Thankfully, boat insurance gives you the peace of mind you need to take out your boat with confidence. Here are answers to some of the most common questions about boat insurance.

What is Boat Insurance?

Boat insurance covers most motorized watercraft ranging from fishing boats to speedboats to luxury yachts. Many smaller vessels, like kayaks and canoes, may fall under your homeowner’s insurance policy.

Think of boat insurance as a sort of mix between the concepts behind home and auto insurance. Your specific coverage will depend on your policy and whether you choose to purchase just liability or comprehensive insurance plans.

Boat insurance functions like home insurance since it covers you in the event that someone is hurt while on your boat. It also functions like car insurance since it covers you if property is damaged (either yours or another party’s) or a person is injured in an accident or collision.

In addition, liability insurance for your boat can also cover pollution (if you have an oil spill) and wreckage removal and clean-up.

How Much Boat Insurance is Necessary?

In short, it depends. However, many insurance professionals advise purchasing at least $1,000,000 in liability insurance. You’ll want to take several factors into account when deciding how much insurance to secure for your boat.

  • What type of boat is it?
  • How old is the boat?
  • How large is the boat?
  • What will be the primary purpose of the boat?
  • What is the engine size?
  • How much is the boat worth?

For example, if you buy a new speedboat meant for water sports, you’ll want a higher insurance policy than you’d get for an old fishing boat.

In addition, you can opt for insurance add-ons like fire and flood insurance, personal property insurance, vandalism insurance, etc. A trusted insurance agent can help you select the right policy for you and your boat.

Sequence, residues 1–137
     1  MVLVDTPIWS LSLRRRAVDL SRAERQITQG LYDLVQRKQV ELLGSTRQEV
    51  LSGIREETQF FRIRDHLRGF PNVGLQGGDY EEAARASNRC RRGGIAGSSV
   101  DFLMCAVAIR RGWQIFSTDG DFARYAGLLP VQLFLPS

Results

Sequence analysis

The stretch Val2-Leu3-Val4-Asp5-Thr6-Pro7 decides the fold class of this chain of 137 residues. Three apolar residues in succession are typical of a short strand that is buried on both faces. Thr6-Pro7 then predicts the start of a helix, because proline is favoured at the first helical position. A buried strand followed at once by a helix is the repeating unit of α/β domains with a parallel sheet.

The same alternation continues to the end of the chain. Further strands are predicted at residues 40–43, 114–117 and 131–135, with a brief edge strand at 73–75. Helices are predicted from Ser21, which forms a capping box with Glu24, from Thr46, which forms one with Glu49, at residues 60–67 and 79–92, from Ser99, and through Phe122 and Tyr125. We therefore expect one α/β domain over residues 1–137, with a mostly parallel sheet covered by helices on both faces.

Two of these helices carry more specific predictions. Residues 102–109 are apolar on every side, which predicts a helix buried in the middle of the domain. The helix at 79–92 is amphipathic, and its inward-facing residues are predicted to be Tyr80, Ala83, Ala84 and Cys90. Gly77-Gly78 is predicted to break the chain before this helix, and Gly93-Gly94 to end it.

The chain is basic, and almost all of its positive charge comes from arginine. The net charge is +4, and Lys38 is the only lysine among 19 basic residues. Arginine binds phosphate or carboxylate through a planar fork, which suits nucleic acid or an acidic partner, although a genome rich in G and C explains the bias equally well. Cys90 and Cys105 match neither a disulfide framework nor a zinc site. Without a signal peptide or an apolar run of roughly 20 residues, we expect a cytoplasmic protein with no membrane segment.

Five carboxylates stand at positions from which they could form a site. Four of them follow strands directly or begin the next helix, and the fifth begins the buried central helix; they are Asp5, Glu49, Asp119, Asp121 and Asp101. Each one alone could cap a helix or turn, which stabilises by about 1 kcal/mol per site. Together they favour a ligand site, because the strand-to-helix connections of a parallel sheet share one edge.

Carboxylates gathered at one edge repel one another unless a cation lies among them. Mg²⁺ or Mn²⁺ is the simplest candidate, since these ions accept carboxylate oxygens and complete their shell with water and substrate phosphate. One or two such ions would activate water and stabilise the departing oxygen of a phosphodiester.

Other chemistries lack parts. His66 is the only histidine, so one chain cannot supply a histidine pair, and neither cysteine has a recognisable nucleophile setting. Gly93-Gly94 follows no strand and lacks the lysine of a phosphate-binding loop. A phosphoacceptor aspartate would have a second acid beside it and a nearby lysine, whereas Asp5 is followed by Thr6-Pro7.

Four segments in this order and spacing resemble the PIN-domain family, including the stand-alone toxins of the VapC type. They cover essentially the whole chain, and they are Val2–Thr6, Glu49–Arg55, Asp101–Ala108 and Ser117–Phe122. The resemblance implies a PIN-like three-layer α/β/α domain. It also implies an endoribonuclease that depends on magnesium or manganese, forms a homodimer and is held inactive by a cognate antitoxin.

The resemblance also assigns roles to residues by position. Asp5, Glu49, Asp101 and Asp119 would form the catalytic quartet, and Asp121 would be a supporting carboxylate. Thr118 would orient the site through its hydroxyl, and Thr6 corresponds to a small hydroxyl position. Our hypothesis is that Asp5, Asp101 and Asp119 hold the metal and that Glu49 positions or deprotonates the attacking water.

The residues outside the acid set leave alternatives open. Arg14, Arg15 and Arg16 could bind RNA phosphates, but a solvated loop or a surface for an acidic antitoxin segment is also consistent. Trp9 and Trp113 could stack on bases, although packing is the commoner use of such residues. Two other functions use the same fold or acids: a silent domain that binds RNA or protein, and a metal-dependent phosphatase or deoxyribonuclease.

Are Passengers Covered by Boat Insurance?

Yes. Passengers on your boat are covered by your insurance. However, not all boat insurance policies cover water skiers behind a boat in an accident. If you intend to use your boat for watersports like skiing, tubing, wakeboarding, etc., it’s a good idea to discuss your insurance needs with your agent.

Where Is My Boat Covered?

Your individual policy will address the specific coverage for your boat, but many policies cover inland waters in the US as well as coastal waters. Your coverage’s geographical limits should be outlined in the navigational warranty contained in your policy. If you need international coverage, be sure to discuss that with your insurance agent. Please note that some areas of the world may not be covered due to safety or political concerns; your agent can clarify any such restrictions and recommend extended boat warranties.

As a point of interest, your boat is often covered under different forms of insurance. For example, when you are towing your boat behind your car or truck, it falls under your auto insurance, not your boat insurance. You may also have limited coverage at home under homeowners insurance. You can find out more by looking through your home and auto insurance policies.

Does the Insurance Cover Other People Driving the Boat?

Yes. Members of the owner’s family and others with express permission to operate the boat are covered by boat insurance. However, this does not cover anyone who is being paid to operate the boat for the owner, like a captain or crew. If you choose to rent or lease your boat to other people, they will not be covered under your insurance.

If I Hit a Rock or Other Debris, Am I Covered?

This will depend on the type of insurance you take out on your boat. If you just have liability insurance, you might not be covered. However, if you chose comprehensive coverage and/or property damage coverage, your policy will likely cover any collision with rocks and other marine debris.

Does Boat Insurance Cover Storm Damage?

This will largely depend on your specific policy. If you live in an area that is often subject to typhoons, tornadoes, windstorms, hurricanes, tropical storms, etc., make sure to discuss available coverage options with your insurance agent.

If cold weather is a factor, make sure to discuss coverage options for ice and freeze damage. This can offer you greater protection in the event that your boat sustains damage because it is not properly winterized.